• Pivotfarm
    04/18/2014 - 12:44
    Peering in from the outside or through the looking glass at what’s going down on the other side is always a distortion of reality. We sit here in the west looking at the development, the changes and...

Robert Rubin

Tyler Durden's picture

The Herd Mentality – The Left Tail Will Follow The Right Tail





The word “tantrums” referenced in the title was the paper’s attempt to explain adverse market reactions, e.g., last year’s reaction from ‘taper-talk’. The authors stated that risk premiums can jump quickly, simply because non-bank market participants (read: mutual funds) are motivated by their peer performance rank. The authors had 3 subsequent conclusions: 1) the relative peerperformance race causes momentum in return; 2) return chasing can reverse sharply; and 3) changes in the stance of monetary policy can trigger heavy fund inflows and outflows. These conclusions partially explain (empirically) the herd mentality and momentum in recent years behind tight credit spreads and elevated equity prices. Investors are so fearful of missing the upside and underperforming peers that they frantically scramble to remain ahead of them (i.e., seek risk). However, the conference and paper suggests that there is a threshold point during the Fed’s attempt to normalize policy where the tide reverses and investors join in a selloff in a race to avoid being left behind. This is why I’ve been calling it the greater fool theory. The most surprising part of the conference was Rubin’s keynote speech. Rather than speak about Washington’s messy politics or such, he basically gave a speech that criticized and questioned Fed policy.

 


Tyler Durden's picture

"Anything Goes And Nothing Matters"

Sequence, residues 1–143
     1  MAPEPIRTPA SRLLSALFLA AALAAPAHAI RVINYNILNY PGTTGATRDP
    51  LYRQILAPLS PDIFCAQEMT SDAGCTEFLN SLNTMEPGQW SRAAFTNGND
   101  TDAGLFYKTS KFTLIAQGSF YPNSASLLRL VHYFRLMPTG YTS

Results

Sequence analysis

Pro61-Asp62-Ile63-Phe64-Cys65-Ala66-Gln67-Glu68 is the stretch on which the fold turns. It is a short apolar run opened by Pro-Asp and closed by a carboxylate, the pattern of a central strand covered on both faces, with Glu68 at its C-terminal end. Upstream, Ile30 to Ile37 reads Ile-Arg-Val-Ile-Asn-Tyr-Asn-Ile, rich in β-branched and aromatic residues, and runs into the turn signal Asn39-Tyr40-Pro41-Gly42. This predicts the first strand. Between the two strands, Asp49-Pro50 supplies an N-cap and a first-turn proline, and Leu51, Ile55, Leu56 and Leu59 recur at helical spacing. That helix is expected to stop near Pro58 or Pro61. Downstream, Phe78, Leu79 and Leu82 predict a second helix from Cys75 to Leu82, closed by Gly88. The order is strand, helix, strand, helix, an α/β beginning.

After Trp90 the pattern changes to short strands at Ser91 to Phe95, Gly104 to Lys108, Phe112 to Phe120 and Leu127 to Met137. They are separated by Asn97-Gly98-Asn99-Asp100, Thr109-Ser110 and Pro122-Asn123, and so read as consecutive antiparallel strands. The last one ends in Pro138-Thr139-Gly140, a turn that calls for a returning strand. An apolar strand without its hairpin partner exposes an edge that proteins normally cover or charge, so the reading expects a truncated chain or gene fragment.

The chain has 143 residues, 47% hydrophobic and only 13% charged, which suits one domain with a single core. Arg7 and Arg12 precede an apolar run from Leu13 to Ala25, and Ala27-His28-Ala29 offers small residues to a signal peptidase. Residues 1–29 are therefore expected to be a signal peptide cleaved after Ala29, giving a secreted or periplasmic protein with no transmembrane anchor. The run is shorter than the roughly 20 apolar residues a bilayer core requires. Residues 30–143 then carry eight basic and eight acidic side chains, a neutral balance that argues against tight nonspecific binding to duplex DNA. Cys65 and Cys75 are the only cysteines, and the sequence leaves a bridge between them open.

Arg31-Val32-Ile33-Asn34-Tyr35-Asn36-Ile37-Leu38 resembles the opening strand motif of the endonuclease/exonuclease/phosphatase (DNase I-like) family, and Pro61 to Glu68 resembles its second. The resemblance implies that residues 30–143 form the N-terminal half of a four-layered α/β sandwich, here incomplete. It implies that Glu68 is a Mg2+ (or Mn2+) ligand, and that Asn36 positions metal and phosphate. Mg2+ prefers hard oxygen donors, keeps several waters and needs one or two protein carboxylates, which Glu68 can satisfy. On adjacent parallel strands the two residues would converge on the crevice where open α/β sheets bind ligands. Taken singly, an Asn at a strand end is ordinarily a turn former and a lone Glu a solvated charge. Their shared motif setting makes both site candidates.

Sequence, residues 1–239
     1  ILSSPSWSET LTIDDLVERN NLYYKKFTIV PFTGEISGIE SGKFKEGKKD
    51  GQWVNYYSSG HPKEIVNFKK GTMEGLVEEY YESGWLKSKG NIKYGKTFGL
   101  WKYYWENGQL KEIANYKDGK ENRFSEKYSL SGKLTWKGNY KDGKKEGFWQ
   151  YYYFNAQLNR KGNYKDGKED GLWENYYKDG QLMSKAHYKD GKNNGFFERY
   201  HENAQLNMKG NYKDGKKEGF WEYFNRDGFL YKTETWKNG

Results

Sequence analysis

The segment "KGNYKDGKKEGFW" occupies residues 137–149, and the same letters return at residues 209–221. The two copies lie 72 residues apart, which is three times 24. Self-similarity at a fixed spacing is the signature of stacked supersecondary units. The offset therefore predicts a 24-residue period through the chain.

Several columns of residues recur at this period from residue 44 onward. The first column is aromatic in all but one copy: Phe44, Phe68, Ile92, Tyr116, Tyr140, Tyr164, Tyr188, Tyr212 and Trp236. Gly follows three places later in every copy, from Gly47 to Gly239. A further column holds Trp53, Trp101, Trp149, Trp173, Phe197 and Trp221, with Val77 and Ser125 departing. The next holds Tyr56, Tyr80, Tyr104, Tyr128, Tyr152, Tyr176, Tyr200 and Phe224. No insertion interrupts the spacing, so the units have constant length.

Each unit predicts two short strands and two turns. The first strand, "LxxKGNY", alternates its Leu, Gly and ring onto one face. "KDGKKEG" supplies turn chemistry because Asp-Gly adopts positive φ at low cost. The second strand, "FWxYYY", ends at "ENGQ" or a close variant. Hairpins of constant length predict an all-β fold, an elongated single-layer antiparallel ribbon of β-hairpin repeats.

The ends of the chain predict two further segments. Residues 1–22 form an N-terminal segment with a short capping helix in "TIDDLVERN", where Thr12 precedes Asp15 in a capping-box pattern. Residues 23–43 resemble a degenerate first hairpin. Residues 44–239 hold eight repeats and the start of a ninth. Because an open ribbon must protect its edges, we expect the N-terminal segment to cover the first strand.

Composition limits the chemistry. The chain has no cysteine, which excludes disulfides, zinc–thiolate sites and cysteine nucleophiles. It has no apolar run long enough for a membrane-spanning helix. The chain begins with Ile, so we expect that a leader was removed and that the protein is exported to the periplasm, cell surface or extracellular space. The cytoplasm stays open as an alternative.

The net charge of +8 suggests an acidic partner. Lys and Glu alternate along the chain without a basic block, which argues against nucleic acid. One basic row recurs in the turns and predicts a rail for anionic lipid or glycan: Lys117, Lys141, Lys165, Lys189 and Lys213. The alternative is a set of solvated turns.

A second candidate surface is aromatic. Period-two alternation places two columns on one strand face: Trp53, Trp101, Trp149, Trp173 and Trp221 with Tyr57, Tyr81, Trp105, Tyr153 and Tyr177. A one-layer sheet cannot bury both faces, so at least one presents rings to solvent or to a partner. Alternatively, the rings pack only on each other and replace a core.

The so-called Volcker Rule for policing banking practices, approved by a huddle of federal regulating agency chiefs last week, is the latest joke that America has played on itself in what is becoming the greatest national self-punking exercise in world history. The Glass Steagall Act of 1933 was about 35 pages long, written in language that was precise, clear, and succinct. It worked for 66 years. The Volcker rule comes in the form of nearly 1,000 pages of incomprehensible legalese written with the “help” of lobbyist-lawyers furnished by the banks themselves. Does this strain your credulity? Well, this is the kind of nation we have become: anything goes and nothing matters. There really is no rule of law, just pretense.

 


Tyler Durden's picture

Marc Faber: "Financial Crisis Don't Happen Accidentally, They Are Inevitable"





As a distant but interested observer of history and investment markets, Marc Faber is fascinated how major events that arose from longer-term trends are often explained by short-term causes.; and more often than not, bailouts (short-term fixes) create larger problems down the road, and that the authorities should use them only very rarely and with great caution. Faber sides with J.R. Hicks, who maintained that “really catastrophic depression” is likely to occur “when there is profound monetary instability — when the rot in the monetary system goes very deep”. Simply put, a financial crisis doesn’t happen accidentally, but follows after a prolonged period of excesses (expansionary monetary policies and/or fiscal policies leading to excessive credit growth and excessive speculation). The problem lies in timing the onset of the crisis.

 


lizzy36's picture

Larry Summers Wants To Be King Of The World – Just Say NO





Larry Summers has been failing up since he entered the public sphere. The reults have been catastrophic for many main street Americans.

 


EB's picture

GATA's Bill Murphy on the Manipulated Gold Drop and a Gold Manipulation Linkfest[er]





CFTC whistleblowers, JP Morgan silver short, Andrew McGuire, Gold Leasing, Robert Rubin, Larry Summers, Gibson's paradox and that sink in your kitchen

 


Tyler Durden's picture

Frontrunning: May 17





  • Mine union threatens to bring South Africa to 'standstill' (Reuters)
  • Russia Raises Stakes in Syria (WSJ) - as reported here yesterday 
  • Japan buys into US shale gas boom (FT)
  • Bill Gates Retakes World’s Richest Title From Carlos Slim (BBG) - so he can afford a Tesla now?